place Denfert-Rochereau, Paris
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the project.

a photographic journey to discover the life of Amedeo Modigliani

The exhibit “The places of Modigliani. Tra Livorno e Parigi” is not a mere photographic exhibition. Its main aim is not that of showing the work of a photographer, rather that of telling, through daily life’s anecdotes and images of places today considered trivial and banal, the existence of one of the greatest artists of the european 20th Century.

The history and endeavor of Amedeo Modigliani (1884-1920), sometimes unlikely mythicized, is made of bistrot, streets, palaces, cafè, places, narrow ateliers, locations full of life and culture.

This is the reason why we wanted to retrace Modigliani’s itineraries in Livorno and Paris, inspecting how – and how much – such places changed in about a century of social, urban, economical and cultural transformations.

The exhibit, half way between a documentary and a reportage, illustrates how globalization sometimes wiped out culture in order to make place for banks, insurance agencies and restaurants. Some other times, instead leaving it to a condition of decay and neglect, or rather – on the opposite – to touristic policies whose only aim – or “fault” - is to undertone the once unique atmosphere of a location, making it a mere attraction for the quick getaway travelers.

For these reasons this exhibit is meant to be an homage to Amedeo Modigliani, to Paris and to Livorno, two completely different cities from many points of view, geographically far, but that still gave a lot to our “Dedo”. From fame to dishonor, from misery to wealth, from pain to love, from life to death.

In 2020 the project becomes multimedia and interactive. If you use a smartphone during your visit with an app that reads QR CODES, you can fully experience the atmospheres of Modigliani’s places and discover many curiosities.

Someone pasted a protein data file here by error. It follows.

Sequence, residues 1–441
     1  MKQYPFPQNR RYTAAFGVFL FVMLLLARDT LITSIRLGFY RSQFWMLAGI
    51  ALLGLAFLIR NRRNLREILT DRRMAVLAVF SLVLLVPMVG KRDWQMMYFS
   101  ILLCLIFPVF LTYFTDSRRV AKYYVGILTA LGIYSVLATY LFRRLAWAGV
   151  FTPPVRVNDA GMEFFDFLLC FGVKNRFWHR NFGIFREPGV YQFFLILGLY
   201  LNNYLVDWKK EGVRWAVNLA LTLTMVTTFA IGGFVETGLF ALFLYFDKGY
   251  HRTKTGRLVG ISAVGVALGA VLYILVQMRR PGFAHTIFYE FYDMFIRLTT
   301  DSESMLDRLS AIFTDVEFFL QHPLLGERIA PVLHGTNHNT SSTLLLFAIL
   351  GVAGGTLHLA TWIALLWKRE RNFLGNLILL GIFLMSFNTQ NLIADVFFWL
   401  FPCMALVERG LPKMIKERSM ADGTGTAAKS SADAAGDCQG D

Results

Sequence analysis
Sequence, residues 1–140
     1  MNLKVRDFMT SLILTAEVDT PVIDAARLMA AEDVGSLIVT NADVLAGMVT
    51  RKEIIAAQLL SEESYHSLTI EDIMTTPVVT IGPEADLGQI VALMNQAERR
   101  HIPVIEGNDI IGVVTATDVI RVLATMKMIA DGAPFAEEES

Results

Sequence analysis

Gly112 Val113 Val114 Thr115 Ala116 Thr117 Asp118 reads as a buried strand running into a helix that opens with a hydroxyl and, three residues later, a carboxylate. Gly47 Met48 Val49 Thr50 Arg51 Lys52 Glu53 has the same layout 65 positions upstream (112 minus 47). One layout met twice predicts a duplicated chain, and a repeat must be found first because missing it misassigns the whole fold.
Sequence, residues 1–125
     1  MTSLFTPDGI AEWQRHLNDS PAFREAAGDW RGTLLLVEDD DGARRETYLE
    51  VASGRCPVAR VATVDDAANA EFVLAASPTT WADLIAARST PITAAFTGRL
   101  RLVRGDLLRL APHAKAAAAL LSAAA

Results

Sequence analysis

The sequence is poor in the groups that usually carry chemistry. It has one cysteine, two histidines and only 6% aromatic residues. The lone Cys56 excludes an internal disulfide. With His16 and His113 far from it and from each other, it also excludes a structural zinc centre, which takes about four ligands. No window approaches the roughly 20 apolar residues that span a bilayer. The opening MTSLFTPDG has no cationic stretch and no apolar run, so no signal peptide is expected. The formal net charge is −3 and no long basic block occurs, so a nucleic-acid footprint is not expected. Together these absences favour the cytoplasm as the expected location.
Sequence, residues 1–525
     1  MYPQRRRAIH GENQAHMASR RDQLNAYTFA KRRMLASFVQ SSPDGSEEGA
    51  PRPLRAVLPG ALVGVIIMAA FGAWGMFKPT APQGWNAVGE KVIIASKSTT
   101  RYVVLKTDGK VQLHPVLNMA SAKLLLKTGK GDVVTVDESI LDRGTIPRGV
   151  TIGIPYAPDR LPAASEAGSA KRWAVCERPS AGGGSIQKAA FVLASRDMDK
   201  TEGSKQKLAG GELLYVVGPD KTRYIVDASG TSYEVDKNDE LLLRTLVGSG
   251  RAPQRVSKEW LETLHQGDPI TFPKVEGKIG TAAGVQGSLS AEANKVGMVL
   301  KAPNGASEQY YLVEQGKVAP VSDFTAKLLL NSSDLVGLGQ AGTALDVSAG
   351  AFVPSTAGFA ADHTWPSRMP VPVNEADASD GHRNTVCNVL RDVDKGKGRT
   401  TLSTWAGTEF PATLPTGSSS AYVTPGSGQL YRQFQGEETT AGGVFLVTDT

Modigliani's Livorno

Livorno, by the end of the 19th century counted around 100.000 inhabitants and was one of the biggest and most developped cities of Italy. 

The trade business, especially the port's trades, were particularly florid and the city was experiencing centuries of uninterrupted economical and cultural development. 

What Modigliani – briefly – lived was probably the last “gold” period of his city culture wise; the II World War led Livorno to an abrupt downfall from which it was never able to raise again.

The years between 19th and 20th century were those of Livorno as a seaside resort capital of the Belle Epoque, of Aldo Palazzeschi's summers at Bagni Pancaldi, of the first advertising bills (Leonetto Cappiello was from Livorno), Livorno prided itself for having more than 10 theaters, and in 1989 even the Lumière brothers choose as first stop-over of their european “tour” of their cinematograph. But Modigliani wanted more. In Livorno painting had a halt with the Macchiaioli, and he “couldn't stand” the landscape. Indeed it was also for this reason that Dedo left in 1906, heading to Paris, and ventured in a blind travel, but still full of hope and incredible dreams.

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Modigliani's Paris

When Amedeo Modigliani arrived at Gare de Lyon in 1906, a fantastic new world, unknown till that day, appeared in front of his eyes. Paris, twenty-six hours of travel by train far from Livorno, had at the time almost three million inhabitants, and at Dedo's eyes the immense boulevards, the horse-omnibus, the trams, the noise of the first motor vehicles, the bistrot, the grey roofs, the crowds, had for sure remembered him of a Victor Hugo's novel. The ville lumière was lightened by 9622 lamppost and 500.000 light bulbs. Paris was the arts' european capital and Amedeo maybe didn't even know from where to start. The museums, the Salon des Independants, the Universal Exhibitions, the Louvre, the arts' galleries, the cafè's life... Everything for him was fresh and new.At that time the artistic life was still enclosed in the “suburban” district of Montmartre, where the Impressionists found their accommodations – and success – and where the avant-gardes' exponents, among which Pablo Picasso, Gino Severini, and Costantin Brancusi, used to frequent and start to experiment the first important steps of new pictorial styles. Only later, around the end of the first decade, Montparnasse became the new artists' district, at the exact opposite side of Paris' city center. And it is right there that Modigliani became a sort of myth, a legendary figure, appreciated by few and snubbed by too many.

In Paris Dedo loved beautiful and rich women, as well as models and prostitutes. He lived an unrestrained and poor life, embracing perfectly the bohémien style typical of the artists of such period.

Modigliani missed his city – and the toasts “to Livorno” made a proof of it – its light, the marine breeze, the 5&5 (bread and chickpea pie), the “cee” (eels' newborns), but Paris inevitably became his “reign”, the place that will change him forever and shape his artistic path.

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